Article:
Unfortunately, not all interventions succeed. Some teens commit suicide even in places such as psychiatric hospitals that are designed to provide intensive treatment and supervision. A person who is determined to commit suicide may find a way to do so despite the best efforts of the people who try to help.
Coping with suicide
When a teen does commit suicide, friends, family members, and other people who were close to the teen will likely suffer intense feelings of grief and guilt. Some survivors blame themselves for not recognizing the teen’s despair or for failing to help. Others may feel guilty because the teen’s suicide appeared to have been caused by a specific event, such as a humiliation or disappointment, in which the survivor played a part. However, doctors agree that most suicides cannot be linked to a single occurrence, but rather take place only after an individual loses his or her ability to cope with everyday problems.
Mental health experts agree that the best way to prevent suicide is to prevent the problems that lead to suicidal behavior. Parents and other adults can act as role models, teaching young children effective ways to solve life’s problems and cope with stress. Adults should become familiar with the stresses in their teen’s lives and be certain that parental and personal expectations are realistic. Adults should also know the warning signs of suicidal behavior, so that they can identify problems early, when treatment may be most effective.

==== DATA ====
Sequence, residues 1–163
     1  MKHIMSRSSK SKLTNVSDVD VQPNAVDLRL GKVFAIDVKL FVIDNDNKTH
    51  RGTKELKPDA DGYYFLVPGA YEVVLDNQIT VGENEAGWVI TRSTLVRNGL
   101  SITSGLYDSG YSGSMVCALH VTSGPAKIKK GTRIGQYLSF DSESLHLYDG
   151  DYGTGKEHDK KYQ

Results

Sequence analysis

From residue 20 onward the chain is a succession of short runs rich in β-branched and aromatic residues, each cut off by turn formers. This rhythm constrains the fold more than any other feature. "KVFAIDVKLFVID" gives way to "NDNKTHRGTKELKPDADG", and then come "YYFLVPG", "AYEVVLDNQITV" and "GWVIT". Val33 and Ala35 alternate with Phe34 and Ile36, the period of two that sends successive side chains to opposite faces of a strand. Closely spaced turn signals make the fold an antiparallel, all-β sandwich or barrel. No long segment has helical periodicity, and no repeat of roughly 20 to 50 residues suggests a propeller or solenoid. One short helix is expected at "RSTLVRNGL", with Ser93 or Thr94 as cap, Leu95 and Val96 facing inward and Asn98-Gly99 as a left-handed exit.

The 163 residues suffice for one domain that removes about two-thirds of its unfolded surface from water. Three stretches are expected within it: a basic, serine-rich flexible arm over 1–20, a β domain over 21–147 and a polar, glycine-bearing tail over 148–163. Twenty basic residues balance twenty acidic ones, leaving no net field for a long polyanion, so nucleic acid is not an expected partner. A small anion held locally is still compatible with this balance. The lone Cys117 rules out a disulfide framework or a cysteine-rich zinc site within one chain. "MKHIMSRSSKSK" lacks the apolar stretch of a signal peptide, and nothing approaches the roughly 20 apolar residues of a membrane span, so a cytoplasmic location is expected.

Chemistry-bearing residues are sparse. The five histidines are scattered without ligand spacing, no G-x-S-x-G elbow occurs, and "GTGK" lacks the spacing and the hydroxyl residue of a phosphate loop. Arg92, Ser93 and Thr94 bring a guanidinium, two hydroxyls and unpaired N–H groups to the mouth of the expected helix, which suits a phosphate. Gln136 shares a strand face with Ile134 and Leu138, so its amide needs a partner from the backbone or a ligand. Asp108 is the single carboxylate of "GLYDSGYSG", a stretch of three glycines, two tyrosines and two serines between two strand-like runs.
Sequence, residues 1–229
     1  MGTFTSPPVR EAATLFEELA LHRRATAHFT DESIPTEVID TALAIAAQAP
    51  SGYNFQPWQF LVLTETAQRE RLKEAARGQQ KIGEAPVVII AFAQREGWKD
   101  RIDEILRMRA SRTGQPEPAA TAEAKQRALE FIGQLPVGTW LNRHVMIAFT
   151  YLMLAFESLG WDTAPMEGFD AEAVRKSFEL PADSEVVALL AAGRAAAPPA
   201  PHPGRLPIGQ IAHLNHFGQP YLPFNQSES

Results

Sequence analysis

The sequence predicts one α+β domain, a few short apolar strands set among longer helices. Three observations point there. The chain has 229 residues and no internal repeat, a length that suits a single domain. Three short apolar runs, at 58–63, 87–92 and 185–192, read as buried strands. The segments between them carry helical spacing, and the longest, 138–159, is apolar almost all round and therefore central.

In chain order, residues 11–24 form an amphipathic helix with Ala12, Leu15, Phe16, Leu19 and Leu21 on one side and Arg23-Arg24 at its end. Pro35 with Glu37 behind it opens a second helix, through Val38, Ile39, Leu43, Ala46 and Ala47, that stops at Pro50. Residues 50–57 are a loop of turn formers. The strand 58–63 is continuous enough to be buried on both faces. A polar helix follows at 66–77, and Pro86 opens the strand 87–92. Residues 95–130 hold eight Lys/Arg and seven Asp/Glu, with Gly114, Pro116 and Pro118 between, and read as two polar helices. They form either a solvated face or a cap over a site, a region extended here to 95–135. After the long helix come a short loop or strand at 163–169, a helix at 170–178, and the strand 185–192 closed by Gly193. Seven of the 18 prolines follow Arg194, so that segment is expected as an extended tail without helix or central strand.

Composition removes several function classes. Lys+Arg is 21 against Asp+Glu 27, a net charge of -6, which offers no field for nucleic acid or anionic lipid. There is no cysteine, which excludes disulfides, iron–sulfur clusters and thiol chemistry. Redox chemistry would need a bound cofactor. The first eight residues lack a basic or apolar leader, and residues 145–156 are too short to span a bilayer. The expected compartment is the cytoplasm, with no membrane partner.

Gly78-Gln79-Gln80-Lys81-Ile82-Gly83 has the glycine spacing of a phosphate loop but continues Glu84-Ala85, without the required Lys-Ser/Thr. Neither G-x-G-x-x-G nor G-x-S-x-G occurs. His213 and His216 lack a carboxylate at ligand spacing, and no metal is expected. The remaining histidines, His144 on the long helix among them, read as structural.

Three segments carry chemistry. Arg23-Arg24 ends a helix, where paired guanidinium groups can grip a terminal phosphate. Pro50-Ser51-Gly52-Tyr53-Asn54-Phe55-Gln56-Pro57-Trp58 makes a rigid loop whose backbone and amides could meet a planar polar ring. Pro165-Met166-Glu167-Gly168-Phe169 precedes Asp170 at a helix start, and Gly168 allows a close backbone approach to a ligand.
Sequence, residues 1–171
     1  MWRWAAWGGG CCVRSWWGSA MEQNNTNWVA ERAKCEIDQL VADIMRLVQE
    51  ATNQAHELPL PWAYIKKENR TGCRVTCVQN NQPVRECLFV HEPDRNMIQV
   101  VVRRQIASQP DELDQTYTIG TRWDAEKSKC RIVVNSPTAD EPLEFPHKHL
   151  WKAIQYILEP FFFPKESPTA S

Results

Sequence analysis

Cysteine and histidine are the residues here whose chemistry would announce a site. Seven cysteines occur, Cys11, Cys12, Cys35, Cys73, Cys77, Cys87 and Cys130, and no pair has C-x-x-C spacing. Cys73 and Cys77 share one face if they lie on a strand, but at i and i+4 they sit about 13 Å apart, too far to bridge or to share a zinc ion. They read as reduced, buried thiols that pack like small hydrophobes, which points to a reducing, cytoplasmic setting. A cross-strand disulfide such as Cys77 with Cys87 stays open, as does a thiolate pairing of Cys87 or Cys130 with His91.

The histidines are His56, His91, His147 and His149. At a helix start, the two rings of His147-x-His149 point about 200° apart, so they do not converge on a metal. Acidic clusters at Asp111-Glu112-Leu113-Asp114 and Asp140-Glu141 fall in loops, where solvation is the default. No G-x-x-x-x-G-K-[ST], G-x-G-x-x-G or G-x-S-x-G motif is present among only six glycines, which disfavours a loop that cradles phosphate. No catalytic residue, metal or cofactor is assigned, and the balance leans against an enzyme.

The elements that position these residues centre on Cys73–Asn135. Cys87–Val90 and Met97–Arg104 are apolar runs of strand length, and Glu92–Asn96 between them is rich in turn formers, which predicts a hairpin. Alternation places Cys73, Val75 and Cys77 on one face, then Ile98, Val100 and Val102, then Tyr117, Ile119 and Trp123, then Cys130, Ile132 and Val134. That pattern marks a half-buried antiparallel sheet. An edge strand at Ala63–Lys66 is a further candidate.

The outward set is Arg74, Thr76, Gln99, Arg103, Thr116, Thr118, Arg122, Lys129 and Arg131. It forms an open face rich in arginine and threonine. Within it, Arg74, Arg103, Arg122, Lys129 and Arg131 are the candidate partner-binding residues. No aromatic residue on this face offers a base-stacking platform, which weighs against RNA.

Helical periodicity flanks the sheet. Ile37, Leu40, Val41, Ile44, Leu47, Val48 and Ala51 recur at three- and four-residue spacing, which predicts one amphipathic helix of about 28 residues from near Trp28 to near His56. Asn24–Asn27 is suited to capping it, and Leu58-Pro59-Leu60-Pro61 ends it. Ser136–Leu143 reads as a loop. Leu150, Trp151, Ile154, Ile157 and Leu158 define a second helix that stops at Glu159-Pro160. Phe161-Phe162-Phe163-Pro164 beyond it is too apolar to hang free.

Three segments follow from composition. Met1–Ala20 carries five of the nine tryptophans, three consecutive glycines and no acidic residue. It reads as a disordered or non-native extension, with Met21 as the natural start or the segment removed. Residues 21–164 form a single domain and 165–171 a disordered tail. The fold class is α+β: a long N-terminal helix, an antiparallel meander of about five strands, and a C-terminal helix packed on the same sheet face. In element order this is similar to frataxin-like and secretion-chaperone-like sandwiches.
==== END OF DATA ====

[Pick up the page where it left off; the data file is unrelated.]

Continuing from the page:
Most importantly, doctors say, parents need to communicate openly with their teen-agers. Parents should encourage their teens to talk about the problems in their lives and listen attentively and empathetically when their children speak.